Survival simulation games have a few standard rules, one of which seems (to me) to be that a coherent world backstory isn’t as important as the gameplay. Compulsion Games is throwing that out the window with We Happy Few, a dystopian game set in a post-WWII England. The population of Wellington Wells has collectively decided to rebuild after The Blitz, including their memories in the renovation process. A new drug called “Joy” can eliminate memories and leave the user feeling as fresh as if they’d just awoken. One resident isn’t having any of this revisionist history and decides to escape, but getting out of Wellington Wells proves to be a Herculean task.
Players must navigate The Garden District (home of the Wastrels, who suffer insanity as a result of Joy use), enter the main town of Wellington Wells, and somehow find their way out, from there. This sounds simple, except that the entire town is on Joy, and wants you to be, too. Players must decide when/if to take Joy for camouflage, how to scrounge for supplies and weapons, and how to keep fed, watered, and healed while escaping the notice of the residents.
Hiding in plain sight is not always an option, but neither is skulking around corners and alleys. Progress is timed from the moment the player first “awakens” in their bunker, and the timer ends when the player either dies or escapes, and then a new map is randomly generated for another go. The maps are punctuated with colorful landmarks that clearly delineate between regions, though they are just similar enough to confuse the player (okay, me) into panicking and prematurely playing a hand they don’t have. My first playthrough, for example, lasted around 4 minutes, and ended because I got lost and ended up losing a fight to a Wastrel and three “bobbies” who were guarding the entrance to Wellington Wells.
We Happy Few is off to a strong start with its pre-Alpha build, with few graphical glitches, and only a couple of touchy controls. The controls themselves are standard mouse-and-keyboard navigation and interaction. Zeroing in on objects to either grab or manipulate them can be a bear, especially as the mouse sensitivity gets sorted, but thus far, players can do what they have to with not too much extra effort. Combat is the only area where this appears to currently be a major concern, with a slight delay between clicking the mouse and hitting an enemy creating opportunity for them to hit you, first; this can be corrected by anticipatory timing, but that doesn’t always work out so well (see also: my first playthrough).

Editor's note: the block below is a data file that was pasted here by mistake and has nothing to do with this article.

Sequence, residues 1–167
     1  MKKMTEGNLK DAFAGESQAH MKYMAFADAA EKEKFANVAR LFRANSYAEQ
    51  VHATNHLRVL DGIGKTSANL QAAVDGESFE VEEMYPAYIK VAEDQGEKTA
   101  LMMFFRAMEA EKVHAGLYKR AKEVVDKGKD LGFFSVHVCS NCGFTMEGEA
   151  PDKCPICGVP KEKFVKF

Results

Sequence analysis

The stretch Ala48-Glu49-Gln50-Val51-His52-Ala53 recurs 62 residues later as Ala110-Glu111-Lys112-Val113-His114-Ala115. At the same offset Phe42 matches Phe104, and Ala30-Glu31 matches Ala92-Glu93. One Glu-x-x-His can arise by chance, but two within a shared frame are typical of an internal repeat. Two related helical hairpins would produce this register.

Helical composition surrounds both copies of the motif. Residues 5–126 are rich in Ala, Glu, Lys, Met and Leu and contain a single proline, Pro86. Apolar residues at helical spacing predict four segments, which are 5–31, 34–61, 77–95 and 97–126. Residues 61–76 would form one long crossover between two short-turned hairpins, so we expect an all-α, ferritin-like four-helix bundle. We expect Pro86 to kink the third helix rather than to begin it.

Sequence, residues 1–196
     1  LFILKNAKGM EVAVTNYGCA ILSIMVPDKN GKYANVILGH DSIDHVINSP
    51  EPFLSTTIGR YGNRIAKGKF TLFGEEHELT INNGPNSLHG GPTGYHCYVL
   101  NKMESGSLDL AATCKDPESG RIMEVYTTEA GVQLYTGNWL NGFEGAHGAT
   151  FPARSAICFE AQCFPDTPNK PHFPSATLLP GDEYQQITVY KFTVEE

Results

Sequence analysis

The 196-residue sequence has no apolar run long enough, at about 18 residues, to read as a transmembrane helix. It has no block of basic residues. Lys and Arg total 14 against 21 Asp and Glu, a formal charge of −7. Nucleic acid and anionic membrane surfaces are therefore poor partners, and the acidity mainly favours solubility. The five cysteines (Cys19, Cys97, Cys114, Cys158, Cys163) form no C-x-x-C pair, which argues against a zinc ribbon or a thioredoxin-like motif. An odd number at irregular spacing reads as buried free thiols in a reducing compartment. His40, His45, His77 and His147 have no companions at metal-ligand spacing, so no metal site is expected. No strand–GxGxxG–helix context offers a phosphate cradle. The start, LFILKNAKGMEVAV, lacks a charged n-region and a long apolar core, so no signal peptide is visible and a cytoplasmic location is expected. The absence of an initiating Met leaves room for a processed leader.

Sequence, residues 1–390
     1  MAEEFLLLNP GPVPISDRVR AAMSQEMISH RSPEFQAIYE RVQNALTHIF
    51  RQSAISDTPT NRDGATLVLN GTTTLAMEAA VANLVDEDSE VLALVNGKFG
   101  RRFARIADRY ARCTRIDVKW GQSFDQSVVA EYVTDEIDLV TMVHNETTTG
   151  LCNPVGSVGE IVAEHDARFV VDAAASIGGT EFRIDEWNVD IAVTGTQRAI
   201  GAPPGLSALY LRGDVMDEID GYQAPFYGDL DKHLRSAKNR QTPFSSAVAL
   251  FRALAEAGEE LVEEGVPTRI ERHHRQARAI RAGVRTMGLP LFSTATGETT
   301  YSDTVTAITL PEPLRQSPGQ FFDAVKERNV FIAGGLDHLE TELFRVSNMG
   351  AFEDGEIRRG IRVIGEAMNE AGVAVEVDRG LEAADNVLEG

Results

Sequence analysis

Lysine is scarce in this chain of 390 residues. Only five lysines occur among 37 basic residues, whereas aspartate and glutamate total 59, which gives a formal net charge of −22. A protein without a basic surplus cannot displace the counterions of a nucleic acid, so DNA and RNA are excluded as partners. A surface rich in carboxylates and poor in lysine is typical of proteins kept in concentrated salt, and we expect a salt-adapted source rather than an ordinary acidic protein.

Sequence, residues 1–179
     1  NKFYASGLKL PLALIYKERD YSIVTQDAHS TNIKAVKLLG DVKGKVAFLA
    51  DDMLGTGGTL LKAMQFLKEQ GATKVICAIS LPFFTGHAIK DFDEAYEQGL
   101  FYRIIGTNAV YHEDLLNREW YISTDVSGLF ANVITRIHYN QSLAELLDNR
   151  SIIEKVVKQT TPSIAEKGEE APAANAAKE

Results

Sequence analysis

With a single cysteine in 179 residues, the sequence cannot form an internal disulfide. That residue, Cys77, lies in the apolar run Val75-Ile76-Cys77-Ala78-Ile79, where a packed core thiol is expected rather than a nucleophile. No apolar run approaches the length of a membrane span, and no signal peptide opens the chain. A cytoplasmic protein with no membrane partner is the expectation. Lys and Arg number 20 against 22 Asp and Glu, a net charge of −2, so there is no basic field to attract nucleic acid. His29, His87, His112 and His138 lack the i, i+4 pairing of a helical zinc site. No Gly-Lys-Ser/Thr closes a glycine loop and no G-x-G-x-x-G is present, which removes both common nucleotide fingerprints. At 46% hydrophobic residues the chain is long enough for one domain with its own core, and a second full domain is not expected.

Sometimes NPCs walk into walls and just try to continue about their day from that very tiny space. Item crafting and inventory management is not quite as fluid as one might hope, but it gets the job done. The team has already addressed these issues in regular Kickstarter updates, which just leaves the “wait and see” aspect of development. Personally, I’m happy to hold my breath, based on the work that’s already been done bringing the 1960’s-era Wellington Wells to life.
Compulsion Games’ Kickstarter is in the final stretch, with the campaign ending just before Noon EST tomorrow, July 4. They’ve already reached their base goal, and are in the process of unlocking a third stretch goal, which features more episodes of the Uncle Jack Show, providing much of the background entertainment for both Wellies and players. A sandbox mode with customizable play has just been unlocked, as well as a crafting system which allows players to adjust doses of Joy to temporarily enhance certain abilities. We Happy Few is slated for release on Steam in June 2016. Follow Compulsion Games on Twitter to receive game updates from Uncle Jack himself, and “like” their page on Facebook for additional screenshots and video updates.